Liver Tumors

Benign liver neoplasms

General Considerations

-Cavernous hemangiomas, focal nodular hyperplasia, hepatic adenomas are the most common benign tumors of the liver.

-Cavernous hemangioma: The most common benign neoplasm of the liver; more than 80% occur in women

-Focal nodular hyperplasia: second most common after cavernous hemangiomas; occurs at all ages

-Hepatocellular adenoma occurs most commonly in women aged 20-40; usually caused by oral contraceptives

Symptoms & Signs

Most benign neoplasms are aymptomatic; Palpable abdominal mass, bleeding, nausea, vomiting, early satiety


Cavernous hemangioma: Ultrasound, CT, MRI

FNH: lesions are identified by the presence of a central scar; CT, Ultrasound shows


Hepatic adenoma: Ultrasound show hyperechoic mass; Hepatic angiography is the most valuable diagnostic tool.


Cavernous hemangioma: if symptomatic, surgical resection

Focal nodular hyperplasia & OCPs: no need to discontinue OCPs; annual ultrasonography for 2-3 years; if symptomatic, resection

Hepatocellular adenoma: resection, percutaneous radiofrequency ablation

-Resection is advised in all patients in whom the tumor causes symptoms or measures > 5 cm in diameter, even in the absence of symptoms

-Resection is also recommended even for an adenoma measuring < 5 cm in diameter if a beta-catenin gene mutation is present in a biopsy sample

Liver Abscess

General Considerations

-Hepatic abscesses may be bacterial, parasitic, or fungal in origin.

-the most common identifiable cause of hepatic abscess is acute cholangitis resulting from biliary obstruction due to a stone, stricture or neoplasm

-Pyogenic liver abscesses are the most common liver abscesses seen in the United States.

-Abscesses are most commonly single, but more than one may be present.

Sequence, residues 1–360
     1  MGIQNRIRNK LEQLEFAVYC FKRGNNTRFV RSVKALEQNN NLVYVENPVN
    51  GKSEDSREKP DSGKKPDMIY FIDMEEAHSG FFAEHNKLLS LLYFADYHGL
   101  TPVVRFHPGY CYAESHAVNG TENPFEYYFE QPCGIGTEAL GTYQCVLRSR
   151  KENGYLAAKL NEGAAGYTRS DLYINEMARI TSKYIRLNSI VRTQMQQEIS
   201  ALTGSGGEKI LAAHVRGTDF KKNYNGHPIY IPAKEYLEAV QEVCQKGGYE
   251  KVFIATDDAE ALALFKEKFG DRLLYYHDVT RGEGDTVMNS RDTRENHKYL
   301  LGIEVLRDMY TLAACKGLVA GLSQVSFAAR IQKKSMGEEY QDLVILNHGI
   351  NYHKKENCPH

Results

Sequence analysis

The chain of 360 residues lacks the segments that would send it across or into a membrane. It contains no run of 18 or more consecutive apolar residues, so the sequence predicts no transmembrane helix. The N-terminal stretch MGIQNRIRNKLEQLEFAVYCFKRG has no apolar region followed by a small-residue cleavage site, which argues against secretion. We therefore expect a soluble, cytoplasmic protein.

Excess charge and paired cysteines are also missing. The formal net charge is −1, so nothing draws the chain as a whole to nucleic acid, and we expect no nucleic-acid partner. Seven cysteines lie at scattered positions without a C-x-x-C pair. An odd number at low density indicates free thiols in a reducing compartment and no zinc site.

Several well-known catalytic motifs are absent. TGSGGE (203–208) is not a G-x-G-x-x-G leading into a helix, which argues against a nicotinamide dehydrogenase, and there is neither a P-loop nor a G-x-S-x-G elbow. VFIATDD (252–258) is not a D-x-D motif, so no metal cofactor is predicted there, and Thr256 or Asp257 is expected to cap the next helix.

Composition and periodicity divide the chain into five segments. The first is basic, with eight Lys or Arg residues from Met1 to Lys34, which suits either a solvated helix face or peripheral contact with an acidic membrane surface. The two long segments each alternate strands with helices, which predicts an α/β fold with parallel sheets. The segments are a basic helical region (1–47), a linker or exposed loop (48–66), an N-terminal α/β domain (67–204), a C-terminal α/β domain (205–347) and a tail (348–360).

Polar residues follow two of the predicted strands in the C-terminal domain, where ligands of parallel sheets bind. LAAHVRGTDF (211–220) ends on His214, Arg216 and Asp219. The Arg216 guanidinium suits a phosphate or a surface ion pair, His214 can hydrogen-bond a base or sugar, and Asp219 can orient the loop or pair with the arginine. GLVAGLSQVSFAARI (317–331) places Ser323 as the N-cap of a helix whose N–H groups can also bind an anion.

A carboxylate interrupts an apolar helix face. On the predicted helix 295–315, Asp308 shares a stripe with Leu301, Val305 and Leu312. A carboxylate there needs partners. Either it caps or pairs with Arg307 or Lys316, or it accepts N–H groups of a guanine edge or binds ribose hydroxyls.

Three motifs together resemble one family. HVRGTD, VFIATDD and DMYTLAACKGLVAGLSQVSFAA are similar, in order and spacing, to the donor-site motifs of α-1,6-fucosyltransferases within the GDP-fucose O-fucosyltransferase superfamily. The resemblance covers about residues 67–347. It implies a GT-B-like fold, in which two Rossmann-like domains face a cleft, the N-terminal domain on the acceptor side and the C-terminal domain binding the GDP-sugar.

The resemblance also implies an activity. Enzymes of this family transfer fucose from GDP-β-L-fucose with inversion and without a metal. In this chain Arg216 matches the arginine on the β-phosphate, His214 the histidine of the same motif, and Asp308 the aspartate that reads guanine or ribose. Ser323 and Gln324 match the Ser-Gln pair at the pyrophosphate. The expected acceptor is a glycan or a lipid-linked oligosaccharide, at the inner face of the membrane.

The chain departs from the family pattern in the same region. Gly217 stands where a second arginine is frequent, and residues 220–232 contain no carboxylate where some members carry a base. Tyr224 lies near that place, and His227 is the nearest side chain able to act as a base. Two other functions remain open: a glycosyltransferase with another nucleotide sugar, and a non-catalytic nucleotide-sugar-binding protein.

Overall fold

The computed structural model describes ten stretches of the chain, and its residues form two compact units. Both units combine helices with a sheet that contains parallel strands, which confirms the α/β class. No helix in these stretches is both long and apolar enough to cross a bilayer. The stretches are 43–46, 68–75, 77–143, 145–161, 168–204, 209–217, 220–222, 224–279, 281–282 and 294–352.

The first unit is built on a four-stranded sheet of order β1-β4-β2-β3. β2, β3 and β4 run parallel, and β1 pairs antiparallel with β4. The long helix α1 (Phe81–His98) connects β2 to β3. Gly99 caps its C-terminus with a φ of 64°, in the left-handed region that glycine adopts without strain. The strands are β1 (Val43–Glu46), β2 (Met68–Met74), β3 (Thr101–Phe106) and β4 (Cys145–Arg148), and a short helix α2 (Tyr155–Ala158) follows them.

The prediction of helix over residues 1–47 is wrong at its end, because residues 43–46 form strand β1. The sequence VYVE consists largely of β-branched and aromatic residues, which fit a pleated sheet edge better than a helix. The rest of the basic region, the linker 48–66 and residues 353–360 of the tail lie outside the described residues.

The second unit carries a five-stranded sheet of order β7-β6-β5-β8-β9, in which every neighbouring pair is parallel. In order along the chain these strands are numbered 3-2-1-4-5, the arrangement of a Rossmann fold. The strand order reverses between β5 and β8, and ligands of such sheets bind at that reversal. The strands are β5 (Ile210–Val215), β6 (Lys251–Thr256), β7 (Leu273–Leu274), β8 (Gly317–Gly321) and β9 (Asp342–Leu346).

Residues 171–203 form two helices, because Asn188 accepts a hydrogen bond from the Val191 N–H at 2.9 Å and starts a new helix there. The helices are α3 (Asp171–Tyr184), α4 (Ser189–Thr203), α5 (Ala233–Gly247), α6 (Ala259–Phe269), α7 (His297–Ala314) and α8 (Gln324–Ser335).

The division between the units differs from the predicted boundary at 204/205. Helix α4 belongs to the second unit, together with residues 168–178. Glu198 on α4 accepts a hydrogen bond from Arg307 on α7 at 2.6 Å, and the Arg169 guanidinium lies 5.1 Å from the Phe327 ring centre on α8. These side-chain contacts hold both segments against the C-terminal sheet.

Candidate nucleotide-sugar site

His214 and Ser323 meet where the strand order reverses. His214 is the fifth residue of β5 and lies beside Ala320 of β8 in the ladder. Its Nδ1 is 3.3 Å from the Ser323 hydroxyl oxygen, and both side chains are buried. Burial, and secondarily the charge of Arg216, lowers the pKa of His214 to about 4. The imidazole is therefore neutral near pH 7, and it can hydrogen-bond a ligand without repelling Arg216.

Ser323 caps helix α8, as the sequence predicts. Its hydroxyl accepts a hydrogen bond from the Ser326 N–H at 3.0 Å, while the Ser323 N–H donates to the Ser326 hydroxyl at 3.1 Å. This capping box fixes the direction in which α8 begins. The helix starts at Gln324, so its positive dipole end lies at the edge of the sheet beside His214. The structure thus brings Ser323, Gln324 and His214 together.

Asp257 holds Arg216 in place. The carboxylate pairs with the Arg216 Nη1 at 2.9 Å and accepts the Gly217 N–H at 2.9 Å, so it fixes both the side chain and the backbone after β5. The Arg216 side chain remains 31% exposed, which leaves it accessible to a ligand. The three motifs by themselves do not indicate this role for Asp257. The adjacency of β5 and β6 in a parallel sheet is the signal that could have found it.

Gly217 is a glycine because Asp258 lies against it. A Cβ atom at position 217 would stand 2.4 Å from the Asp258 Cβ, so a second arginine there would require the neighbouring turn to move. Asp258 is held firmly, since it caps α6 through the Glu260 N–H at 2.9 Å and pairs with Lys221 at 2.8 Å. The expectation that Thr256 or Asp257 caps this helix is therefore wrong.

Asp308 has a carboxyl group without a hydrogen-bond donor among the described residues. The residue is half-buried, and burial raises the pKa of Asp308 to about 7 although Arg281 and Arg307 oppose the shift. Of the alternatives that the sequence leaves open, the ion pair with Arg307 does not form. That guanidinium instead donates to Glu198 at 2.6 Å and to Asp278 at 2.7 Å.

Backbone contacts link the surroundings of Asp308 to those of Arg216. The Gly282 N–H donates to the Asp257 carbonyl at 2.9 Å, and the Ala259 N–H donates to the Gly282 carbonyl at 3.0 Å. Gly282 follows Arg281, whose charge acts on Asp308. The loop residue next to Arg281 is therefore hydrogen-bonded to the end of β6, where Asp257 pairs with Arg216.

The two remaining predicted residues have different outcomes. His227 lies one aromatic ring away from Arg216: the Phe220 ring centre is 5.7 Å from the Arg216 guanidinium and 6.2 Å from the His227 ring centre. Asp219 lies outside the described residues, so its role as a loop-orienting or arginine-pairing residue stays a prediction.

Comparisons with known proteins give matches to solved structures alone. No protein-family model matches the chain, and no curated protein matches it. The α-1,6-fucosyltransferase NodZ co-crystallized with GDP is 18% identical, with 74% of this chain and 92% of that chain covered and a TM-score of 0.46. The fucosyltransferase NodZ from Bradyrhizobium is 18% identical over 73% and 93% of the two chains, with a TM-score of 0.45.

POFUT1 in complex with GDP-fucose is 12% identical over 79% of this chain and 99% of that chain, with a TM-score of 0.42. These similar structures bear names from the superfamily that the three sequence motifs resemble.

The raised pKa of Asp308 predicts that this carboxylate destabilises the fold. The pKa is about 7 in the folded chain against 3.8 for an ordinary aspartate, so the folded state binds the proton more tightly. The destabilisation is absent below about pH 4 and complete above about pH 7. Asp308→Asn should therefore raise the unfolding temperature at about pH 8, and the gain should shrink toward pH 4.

-The right lobe is usually involved.

Causes: suppurative process, infection from appendicitis, diverticulitis, bacterial endocarditis, renal infection, lung infection, infected indwelling catheters,

Symptoms & Signs

Fatigue,fever, right upper quadrant pain, chills, jaundice, weight loss, elevated hemidiaphragm


Labs: Leukocytosis with a left shift, positive blood cultures, elevated AP level  

Imaging: Chest radiographs, Ultrasonography, CT, or MRI of the liver

Hepatic candidiasis: CT liver shows multiple ‘bulls-eyes’


Bacterial abscess: Empiric antibiotic therapy should cover gram-negative and anaerobic organisms

Fungal abscess: Amphotericin B, Fluconazole

Amebiasis: Metronidazole or tinidazole

Surgery: percutaneous drainage, open debridement, lobectomy


-With drainage and antibiotics, the cure rate is about 90%.

-The overall mortality rate of 15%

-The mortality rate is about 40% in patients with malignant disease.


Fungal abscesses are associated with mortality rates of up to 50%

  1. What is the most common presenting sign of liver abscess? Fever
  2. What is the single most reliable laboratory finding in patients with liver abscess? Elevated serum alkaline phosphatase
  3. What is the most useful diagnostic aid in evaluating liver abscess? Ultrasound liver